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Helbing's sign - its lineage

Discussion in 'Biomechanics, Sports and Foot orthoses' started by Charlesworth, Oct 22, 2005.

  1. Charlesworth

    Charlesworth Member


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    Hi everyone,

    Helbing's sign is named after the German physician Carl Ernst Helbing [1842-1914]. According to Herman Tax in his text Podopaediatrics, he first discussed what is now referred to as Helbing's sign in a paper published in 1905 entitled Ueber metatarsus varus. Unfortunately, I cannot speak or read German (and I find that the babelfish website is about as useful as a chocolate fireguard) so I cannot verify this.

    Does anybody know when and where he first discussed what we all now know as Helbing's sign, and who first used the term Helbing's sign as an eponym to describe what he observed? Was it one of his students? In addition, when was it first discussed in the podiatry literature?

    Any suggestions would be most helpful. I've exhausted all avenues that I can think of at the moment.

    Thank you in advance.

    My very best wishes,

    Eric.
     
  2. Don ESWT

    Don ESWT Active Member

    Lots of info on Google 77 entries

    Don Scott
     
  3. Charlesworth

    Charlesworth Member

    Helbing's sign

    Don,

    Thanks for that. Funnily enough, undertaking a Google search crossed my mind some time ago. The many entries that do come up tell me nothing more than what Helbing's sign is (which I already know) and who Helbing was (which I already know). It does not give me any detailed information on the points which I raised in my earlier posting.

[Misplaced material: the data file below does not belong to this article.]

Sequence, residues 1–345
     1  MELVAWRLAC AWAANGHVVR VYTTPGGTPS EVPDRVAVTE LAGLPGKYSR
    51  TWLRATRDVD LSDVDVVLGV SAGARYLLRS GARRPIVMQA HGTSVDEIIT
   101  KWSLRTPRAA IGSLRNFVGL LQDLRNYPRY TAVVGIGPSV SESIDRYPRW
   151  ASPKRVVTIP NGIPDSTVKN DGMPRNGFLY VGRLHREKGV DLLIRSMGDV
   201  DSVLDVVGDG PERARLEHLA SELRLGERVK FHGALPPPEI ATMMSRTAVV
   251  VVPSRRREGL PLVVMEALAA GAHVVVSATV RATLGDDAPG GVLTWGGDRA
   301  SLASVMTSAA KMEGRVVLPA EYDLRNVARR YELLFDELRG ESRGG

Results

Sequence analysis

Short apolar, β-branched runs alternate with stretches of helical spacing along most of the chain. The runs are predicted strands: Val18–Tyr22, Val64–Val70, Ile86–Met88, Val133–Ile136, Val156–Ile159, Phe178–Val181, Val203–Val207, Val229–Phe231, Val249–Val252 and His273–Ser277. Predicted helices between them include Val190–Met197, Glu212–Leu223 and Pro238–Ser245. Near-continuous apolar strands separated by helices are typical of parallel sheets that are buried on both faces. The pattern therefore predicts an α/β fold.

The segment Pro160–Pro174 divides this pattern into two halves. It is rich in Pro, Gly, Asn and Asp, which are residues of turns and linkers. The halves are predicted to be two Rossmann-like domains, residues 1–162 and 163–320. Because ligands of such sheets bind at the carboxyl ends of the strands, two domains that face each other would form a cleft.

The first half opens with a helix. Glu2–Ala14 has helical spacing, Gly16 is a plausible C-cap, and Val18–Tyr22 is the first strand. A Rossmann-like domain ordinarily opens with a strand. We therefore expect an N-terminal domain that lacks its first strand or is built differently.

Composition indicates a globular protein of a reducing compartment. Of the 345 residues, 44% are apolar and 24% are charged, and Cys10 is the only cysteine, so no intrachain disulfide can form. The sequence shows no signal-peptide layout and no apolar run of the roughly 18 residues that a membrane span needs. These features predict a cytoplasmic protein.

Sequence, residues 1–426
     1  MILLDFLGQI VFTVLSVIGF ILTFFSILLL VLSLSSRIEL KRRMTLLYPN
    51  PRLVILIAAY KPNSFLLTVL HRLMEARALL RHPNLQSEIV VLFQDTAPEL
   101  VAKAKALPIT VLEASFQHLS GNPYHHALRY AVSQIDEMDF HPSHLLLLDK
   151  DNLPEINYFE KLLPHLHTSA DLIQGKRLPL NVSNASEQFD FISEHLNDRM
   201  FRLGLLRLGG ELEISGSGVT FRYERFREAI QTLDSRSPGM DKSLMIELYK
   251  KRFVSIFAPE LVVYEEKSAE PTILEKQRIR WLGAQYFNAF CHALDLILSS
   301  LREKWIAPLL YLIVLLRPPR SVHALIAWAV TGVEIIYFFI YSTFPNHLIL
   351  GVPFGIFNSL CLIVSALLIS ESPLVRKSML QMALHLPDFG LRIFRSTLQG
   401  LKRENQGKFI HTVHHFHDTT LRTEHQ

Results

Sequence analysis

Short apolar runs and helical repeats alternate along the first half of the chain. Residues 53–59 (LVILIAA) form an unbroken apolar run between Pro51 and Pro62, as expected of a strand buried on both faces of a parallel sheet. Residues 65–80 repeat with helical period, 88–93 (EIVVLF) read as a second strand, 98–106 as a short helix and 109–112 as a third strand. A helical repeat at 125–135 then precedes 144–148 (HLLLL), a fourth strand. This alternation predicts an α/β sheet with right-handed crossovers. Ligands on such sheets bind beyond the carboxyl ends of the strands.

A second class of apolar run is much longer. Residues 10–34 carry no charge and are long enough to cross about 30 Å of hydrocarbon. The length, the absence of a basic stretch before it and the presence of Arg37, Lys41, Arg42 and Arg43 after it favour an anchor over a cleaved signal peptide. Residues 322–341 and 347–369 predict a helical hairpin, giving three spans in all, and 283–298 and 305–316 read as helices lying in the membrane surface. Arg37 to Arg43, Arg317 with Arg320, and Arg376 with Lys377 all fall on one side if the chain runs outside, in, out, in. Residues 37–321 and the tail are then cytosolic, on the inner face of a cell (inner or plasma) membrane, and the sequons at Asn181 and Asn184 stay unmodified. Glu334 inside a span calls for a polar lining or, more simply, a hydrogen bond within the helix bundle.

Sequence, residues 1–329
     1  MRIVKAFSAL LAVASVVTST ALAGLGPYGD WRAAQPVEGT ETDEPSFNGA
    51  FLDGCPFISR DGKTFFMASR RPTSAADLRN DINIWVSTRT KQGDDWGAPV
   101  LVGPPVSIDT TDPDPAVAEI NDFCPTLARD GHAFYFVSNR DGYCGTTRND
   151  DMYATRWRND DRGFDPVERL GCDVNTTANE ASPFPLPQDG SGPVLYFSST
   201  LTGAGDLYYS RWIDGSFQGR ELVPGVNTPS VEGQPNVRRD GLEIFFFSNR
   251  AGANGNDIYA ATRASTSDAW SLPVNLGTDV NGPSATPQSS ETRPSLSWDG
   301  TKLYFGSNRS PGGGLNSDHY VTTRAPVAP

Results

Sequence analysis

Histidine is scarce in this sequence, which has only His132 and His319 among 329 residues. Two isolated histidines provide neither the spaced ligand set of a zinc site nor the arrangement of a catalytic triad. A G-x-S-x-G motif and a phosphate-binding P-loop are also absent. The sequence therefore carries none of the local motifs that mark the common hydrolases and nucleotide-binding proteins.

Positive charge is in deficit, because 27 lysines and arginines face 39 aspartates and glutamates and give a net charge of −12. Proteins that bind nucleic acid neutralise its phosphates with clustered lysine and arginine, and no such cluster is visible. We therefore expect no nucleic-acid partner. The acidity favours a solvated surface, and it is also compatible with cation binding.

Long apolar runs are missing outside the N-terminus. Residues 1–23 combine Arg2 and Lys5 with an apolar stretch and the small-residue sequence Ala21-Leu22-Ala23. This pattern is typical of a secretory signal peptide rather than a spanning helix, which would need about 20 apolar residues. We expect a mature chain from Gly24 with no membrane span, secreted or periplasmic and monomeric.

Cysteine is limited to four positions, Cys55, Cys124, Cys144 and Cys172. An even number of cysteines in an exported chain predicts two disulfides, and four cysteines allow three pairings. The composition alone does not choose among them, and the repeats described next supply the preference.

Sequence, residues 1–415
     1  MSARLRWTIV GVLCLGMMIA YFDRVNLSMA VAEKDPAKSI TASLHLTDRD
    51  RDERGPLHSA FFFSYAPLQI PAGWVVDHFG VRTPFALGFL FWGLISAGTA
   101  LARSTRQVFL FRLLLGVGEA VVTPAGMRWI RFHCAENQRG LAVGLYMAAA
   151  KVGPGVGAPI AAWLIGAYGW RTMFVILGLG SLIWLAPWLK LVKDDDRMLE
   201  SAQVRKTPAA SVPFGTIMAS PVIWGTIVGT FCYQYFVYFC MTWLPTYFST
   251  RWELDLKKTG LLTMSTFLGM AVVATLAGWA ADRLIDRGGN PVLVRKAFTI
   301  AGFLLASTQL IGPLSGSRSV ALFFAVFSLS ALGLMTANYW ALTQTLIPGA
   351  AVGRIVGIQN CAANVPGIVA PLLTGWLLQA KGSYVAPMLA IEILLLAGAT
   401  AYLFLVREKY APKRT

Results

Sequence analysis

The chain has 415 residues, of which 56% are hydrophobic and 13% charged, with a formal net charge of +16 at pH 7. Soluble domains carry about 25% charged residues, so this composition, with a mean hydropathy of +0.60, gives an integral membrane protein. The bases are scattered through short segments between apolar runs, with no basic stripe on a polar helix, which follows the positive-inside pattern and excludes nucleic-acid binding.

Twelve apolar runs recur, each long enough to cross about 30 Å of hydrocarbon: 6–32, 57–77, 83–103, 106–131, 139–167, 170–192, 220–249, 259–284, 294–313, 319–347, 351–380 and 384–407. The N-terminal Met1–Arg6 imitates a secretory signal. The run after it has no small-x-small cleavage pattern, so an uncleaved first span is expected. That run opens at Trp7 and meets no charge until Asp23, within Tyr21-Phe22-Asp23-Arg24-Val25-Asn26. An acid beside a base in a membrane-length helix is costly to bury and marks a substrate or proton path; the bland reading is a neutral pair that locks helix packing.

Thanks again,

    Eric.
     
  4. Craig Payne

    Craig Payne Moderator

    Articles:
    7
    Eric ...
    I probably can't help as I asume you checked all the older chiropody texts ..

    Can you copy some of the german text here? We do have a few german members here (and my wife can speak german), so someone may be able to help with translation.
     
  5. Charlesworth

    Charlesworth Member

    Helbing's sign

    Craig,

    Thank you so much! Please give me about a week's grace so that I can dig the paper out and copy it for you.

    Your offer is very much appreciated and once again, thanks!

    My very best wishes,

    Eric.
     
  6. David Smith

    David Smith Well-Known Member

    Eric
    Did you know that you can download Google translator and then if you can find your paper on the internet then it can be translated by Google (its a very literal word for word translation but it is possible to get the gist)
    Cheers Dave Smith
     
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